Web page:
National Gallery of Canada urged to cancel talk by prof who refuses genderless pronouns

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National Gallery of Canada urged to cancel talk by prof who refuses genderless pronouns

Members of Ottawa's transgender community want the National Gallery of Canada to cancel a talk by Jordan Peterson, a Toronto psychology professor who has refused to call transgender students by their preferred pronouns.

Cara Tierney, a former employee of the gallery, has emailed the federal art institution to try to get the Peterson talk cancelled.

"Certainly, if there was a known anti-Semite who also perhaps had something interesting to say about psychology and creativity, I don't imagine that we would be inviting this individual to come and talk," Tierney said.

Tierney is an Ottawa-area artist and does not identify as a man or a woman. Rather than "he" or "she," Tierney asks people use the gender-neutral pronoun "they," which is favoured by some in the transgender community.

Peterson, who teaches psychology at the University of Toronto, became a lightning rod for controversy when he released videos arguing against political correctness on campus and said he should not be required to use gender-neutral pronouns.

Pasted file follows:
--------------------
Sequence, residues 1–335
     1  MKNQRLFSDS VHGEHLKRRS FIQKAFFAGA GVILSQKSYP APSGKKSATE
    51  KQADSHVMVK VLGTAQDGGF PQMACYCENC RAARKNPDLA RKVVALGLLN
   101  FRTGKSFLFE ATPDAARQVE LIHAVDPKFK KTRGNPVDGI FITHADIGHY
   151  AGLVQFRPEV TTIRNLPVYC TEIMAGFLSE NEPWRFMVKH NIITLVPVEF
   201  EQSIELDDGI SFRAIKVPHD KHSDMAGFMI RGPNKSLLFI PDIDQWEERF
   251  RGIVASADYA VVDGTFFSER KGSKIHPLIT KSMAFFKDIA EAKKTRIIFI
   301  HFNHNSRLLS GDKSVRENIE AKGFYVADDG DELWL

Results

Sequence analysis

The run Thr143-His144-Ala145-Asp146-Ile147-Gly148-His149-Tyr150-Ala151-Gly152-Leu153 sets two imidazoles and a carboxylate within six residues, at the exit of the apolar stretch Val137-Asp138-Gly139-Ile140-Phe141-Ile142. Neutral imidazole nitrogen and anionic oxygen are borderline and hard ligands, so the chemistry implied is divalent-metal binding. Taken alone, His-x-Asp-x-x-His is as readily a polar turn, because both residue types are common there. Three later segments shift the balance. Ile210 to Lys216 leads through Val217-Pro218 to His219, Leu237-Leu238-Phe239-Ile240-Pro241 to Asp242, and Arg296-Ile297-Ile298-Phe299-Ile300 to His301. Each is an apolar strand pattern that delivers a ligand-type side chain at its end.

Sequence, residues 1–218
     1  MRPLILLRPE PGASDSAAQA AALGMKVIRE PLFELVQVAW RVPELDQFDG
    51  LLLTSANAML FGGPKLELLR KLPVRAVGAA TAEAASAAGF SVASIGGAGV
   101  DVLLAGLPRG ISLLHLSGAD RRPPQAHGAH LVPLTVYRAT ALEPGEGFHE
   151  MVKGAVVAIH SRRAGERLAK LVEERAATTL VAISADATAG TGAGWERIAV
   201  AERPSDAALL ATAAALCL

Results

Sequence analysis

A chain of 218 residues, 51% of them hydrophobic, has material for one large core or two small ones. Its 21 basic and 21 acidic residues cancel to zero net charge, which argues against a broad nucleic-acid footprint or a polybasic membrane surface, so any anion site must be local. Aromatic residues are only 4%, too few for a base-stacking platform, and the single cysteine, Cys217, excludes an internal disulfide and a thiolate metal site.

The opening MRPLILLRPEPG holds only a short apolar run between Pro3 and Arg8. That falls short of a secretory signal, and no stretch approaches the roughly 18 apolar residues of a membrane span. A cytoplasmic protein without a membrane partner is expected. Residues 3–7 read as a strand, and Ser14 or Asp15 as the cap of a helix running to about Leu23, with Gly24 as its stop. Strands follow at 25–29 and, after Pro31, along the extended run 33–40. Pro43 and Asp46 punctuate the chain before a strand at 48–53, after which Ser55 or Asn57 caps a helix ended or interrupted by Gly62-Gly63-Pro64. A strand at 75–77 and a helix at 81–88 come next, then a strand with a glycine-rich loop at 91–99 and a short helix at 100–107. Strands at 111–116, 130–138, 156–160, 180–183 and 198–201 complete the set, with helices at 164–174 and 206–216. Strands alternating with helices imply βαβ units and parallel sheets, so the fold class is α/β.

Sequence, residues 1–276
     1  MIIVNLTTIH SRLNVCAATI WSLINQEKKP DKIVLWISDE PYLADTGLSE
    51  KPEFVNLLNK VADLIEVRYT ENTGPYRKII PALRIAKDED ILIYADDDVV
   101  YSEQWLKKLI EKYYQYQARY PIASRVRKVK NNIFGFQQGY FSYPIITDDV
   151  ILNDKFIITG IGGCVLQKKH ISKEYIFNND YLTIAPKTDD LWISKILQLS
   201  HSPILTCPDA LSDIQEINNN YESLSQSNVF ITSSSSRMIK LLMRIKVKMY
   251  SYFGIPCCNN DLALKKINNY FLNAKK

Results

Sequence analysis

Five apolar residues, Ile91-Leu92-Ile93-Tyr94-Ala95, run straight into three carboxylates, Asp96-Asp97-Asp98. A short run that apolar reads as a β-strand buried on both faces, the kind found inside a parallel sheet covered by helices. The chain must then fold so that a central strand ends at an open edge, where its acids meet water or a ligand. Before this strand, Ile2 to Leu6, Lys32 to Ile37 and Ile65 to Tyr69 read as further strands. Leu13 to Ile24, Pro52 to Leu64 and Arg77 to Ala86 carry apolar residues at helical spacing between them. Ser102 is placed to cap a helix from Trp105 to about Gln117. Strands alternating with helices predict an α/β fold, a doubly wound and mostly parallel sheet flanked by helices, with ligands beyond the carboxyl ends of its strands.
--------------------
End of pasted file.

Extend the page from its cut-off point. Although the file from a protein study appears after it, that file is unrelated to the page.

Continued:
In previous interviews he's claimed that being forced to use gender-neutral pronouns would amount to an imposition on the right to free speech, "a dangerous precedent to demand people use certain words."

Tierney said opposition to the Peterson event has been growing on social media.

Invitation preceded controversy

The National Gallery of Canada said Peterson has been invited to talk because of his expertise in the field of clinical psychology. 

"The Gallery invited him to speak about his specific research interest in the psychology of creativity, a subject he has spoken about at scientific conferences across North America and about which he has co-authored over 10 scientific papers," the gallery said in a statement.

Peterson sent an email to CBC News that said his invitation from the gallery preceded his "recent political travails."

"The topic is apolitical, and the issues arising from my well-publicized stance against compelled speech are completely irrelevant to the talk," Peterson said.

He said his March 9 talk will cover his research and the traits of temperament that contribute to creativity.

'A safe space'

Amanda Jette Knox, an LGBTQ advocate and mother of a transgender child, is also pressing for the gallery to cancel the talk.

"When someone is as vocal as he is and is given a platform, he's carrying his views with him to that platform, she said.

"Art itself has always been, historically, a safe space, a safe place for the queer community and so when our national art gallery is giving space to somebody who is very anti-LGBTQ then what does that say about our country?"